[Excerpts from Part III of a Brief of Amicus Curiae prepared by the Charlotte attorney Jon Buchan on behalf of the Reporters Committee for Freedom of the Press, with legal citations omitted]
Mr. Boney sought to attend the sentencing as a surrogate of the public, in order to assert his constitutional right to be present in the courtroom and inform the public about the proceeding. The trial court’s order to remove him, which the sheriff s deputies did in handcuffs, and the trial court’s threat to hold him in contempt merely for attempting to exercise his right of access not only violates his constitutional rights but offends fundamental democratic principles. Mr. Boney was doing exactly what the Reporters Committee recommends as a best practice for journalists covering court proceedings. He asserted objections himself and immediately engaged counsel, who filed a motion for access. . .
It is well-established that the public must have notice and an opportunity to be heard before a court may close proceedings. As the U.S. Supreme Court explained, if the
constitutional right of the press and public to access is to have substance, representatives of these groups “must be given an opportunity to be heard on the question of their exclusion.” . . . The federal courts of appeals have “uniformly” agreed that notice and an opportunity to be heard must be given prior to an order closing the courtroom or sealing documents to which the public has a right of access. . .
The Fourth Circuit has recognized three procedural requirements:
First, the district court must give the public adequate notice that the closure of a hearing or the sealing of documents may be ordered….
Second, the district court must provide interested persons “an opportunity to object to the request before the court ma[kes] its decision.”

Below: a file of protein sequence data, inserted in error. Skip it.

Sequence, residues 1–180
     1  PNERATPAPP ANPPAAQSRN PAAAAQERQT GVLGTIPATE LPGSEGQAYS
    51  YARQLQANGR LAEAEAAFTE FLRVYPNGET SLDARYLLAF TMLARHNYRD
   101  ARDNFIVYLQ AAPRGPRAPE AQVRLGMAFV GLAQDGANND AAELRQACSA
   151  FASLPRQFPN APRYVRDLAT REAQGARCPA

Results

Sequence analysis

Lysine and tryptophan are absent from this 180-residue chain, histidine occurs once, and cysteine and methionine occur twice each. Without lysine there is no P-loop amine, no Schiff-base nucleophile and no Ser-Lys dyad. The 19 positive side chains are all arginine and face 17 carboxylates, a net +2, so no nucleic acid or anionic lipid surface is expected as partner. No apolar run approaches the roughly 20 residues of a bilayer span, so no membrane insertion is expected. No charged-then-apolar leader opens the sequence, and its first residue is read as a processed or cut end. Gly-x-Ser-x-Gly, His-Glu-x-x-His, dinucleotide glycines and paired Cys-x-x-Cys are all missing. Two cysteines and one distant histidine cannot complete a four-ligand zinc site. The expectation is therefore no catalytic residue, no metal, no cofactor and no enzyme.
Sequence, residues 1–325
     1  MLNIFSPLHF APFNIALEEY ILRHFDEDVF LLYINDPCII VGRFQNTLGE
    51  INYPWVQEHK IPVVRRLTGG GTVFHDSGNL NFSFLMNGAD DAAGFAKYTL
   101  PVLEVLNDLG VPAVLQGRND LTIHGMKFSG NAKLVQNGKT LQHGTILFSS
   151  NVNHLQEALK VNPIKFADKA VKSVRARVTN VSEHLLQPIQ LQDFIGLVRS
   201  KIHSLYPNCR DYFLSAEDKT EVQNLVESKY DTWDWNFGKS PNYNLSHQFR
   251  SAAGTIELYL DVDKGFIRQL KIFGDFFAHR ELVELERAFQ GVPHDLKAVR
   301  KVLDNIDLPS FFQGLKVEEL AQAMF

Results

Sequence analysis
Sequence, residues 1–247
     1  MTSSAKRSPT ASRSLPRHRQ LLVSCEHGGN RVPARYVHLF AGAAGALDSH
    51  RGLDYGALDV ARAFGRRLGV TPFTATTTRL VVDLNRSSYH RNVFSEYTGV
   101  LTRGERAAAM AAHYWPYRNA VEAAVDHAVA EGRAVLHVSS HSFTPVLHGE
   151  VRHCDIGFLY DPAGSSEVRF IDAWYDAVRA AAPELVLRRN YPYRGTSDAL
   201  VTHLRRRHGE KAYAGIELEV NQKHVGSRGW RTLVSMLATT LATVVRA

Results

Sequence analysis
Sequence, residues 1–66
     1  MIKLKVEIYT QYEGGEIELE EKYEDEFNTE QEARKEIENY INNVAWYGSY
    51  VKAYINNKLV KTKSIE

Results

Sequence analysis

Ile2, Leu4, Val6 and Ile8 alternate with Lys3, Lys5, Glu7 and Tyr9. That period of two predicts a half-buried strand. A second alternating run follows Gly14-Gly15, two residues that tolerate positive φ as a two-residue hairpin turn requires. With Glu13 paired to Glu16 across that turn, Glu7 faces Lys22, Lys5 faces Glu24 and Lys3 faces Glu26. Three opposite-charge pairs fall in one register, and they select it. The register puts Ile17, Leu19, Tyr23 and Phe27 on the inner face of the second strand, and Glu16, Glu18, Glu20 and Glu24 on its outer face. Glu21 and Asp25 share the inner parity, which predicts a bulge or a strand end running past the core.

Third, if the district court decides to close a hearing or seal documents, “it must state its reasons on the record, supported by specific findings.”. . .
Courts have recognized the importance of these requirements in sentencing hearings, in particular. . . And courts have upheld such requirements even where—unlike here—historically sensitive topics are involved, such as “national security interests.”
Here, the trial court denied Mr. Boney the ability to assert his objections, despite his well-established right to do so, and it physically restrained and removed him from the court and threatened contempt penalties, as if he had committed a crime. Such conduct not only offends the First Amendment but sends a chilling message to other members of the press and public not to assert their rights of access, lest they face the same fate. In addition, the trial court failed to make any findings, let alone specific ones, to justify its closure order and removal of Mr. Boney.
Accordingly, it is imperative that this Court grant the petition and make clear that the trial court’s treatment of Mr. Boney was improper and must not be repeated. . . .